Newsbytheway's Blog

January 11, 2010

Securing our airports

Filed under: Terrorism — Rabea Khan @ 12:23 am
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Recently Prime Minister Gordon Brown announced new security measures to be introduced in major British airports. Among other things full body scanners will be installed in airports very soon, starting from Heathrow.

Copyright Rabea Khan 2010

No doubt that these scanners will be a step forward in securing our airports, but are they enough to prevent a repeat of 9/11?

Al Qaeda, the most persistent and deadliest of all terrorists group has time and again beaten us. They are far too innovative. This world would have been a far better world if half of the brilliant minds, working for Al Qaeda, were doing something for humanity rather.We need to think ahead of Al Qaeda now, think of new and smarter ways to beat them.

May be Israel has the answer.

El Al, the Israeli airlines, is said to be the safest airlines in the world. They don’t depend on the machines; they go by their intuition. Anything that looks ‘out of the ordinary’ is probed. Anyone who looks a bit suspicious is stopped and questioned at length. It can be defined as racial profiling but it is more of using common sense than anything else.

Racial profiling

It is a fact that terrorist today has a specific profile. A typical terrorist-

  • Is a Muslim
  • Is Educated and/or radicalized in US or UK
  • Belongs to Nigeria, Pakistan, Afghanistan or any other similar country

If racial profiling were used, it would have prevented the bombing attempt on Christmas Day in US. Abdulmutallab fulfilled all the conditions of a typical 21st century terrorist. Then it makes sense to have a debate about using it now.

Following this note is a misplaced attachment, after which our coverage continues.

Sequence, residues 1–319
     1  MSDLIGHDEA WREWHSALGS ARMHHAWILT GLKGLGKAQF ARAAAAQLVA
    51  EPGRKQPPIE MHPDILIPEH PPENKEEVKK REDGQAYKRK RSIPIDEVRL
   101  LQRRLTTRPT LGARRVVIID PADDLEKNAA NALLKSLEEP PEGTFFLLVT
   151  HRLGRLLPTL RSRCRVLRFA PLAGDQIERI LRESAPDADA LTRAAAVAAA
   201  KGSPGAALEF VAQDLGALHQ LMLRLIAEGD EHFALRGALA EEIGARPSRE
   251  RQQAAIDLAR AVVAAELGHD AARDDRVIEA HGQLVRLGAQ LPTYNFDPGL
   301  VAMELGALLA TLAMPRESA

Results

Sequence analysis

There are fears that it will lead to seclusion and harassment of Muslims all over the world. Truth is, it may. But I am sure ways can be devised a have a system considering all such drawbacks. Let at least one Muslim be a profiler in the team. This will not only avoid any possibility of harassment, but also give faith to the Muslim passengers that they won’t be unnecessarily targeted.

This may not be the ideal solution but I believe this is the price Muslims need to pay. I am ready to pay the price, for securing my loved ones and myself.


October 20, 2009

Broadcast media in India-Bad & the Ugly

Filed under: Media,Terrorism — Rabea Khan @ 11:11 pm
Tags: ,

From the days of an-hour news bulletin broadcast on Doordarshan (government) to the ever-increasing 24-hr news channels, Indian broadcast media has certainly come a long way.

Till 1990s, Indian news scenario was monopolised by Doordarshan, a public broadcaster that presented news in a neutralize manner. More than a news channel it was a mouthpiece of the reigning government.

Its monopoly was broken when private channels penetrated the Indian boundaries and gave viewers the option of choice. They grew and thrived in the liberalised environment and have reached a point now where they seem to have altered the definition of `News’.

Today news channels in India are solely guided by Television Rating Points or TRPs. For them the equation read:

More TRPs=More Advertisers=More Money

So to gather more eyeballs, channels don’t shy away from sensationalising every piece of news. Flick through the news channels and you are guaranteed to see a BREAKING NEWS on the ticker of more than one channel.

A boy trapped in a well was made into a celebrity overnight; love affairs of film stars are given more air time; astrology shows are an integral part their FPCs, so on and so forth.

On 26th Nov 2008 when Mumbai was attacked, it was a litmus test for the news channels. A war was been fought right in middle of a city. It was called India’s 9/11. News channel televised every moment of the ordeal. The coverage earned more flak than appreciation. The news channels were accused of not applying any discretion. National security was put at stake as LIVE pictures of the strategic positions of the commandos at the Taj, Oberoi and the Nariman House were been telecasted. Security officials and the broadcasters association eventually asked the channels to exercise restrain.

At present, broadcast media in India is in its early stages of evolution. Like a child, it needs direction and nurture to break out from the clutter of sensation and hyperbole.  The only way is forward.

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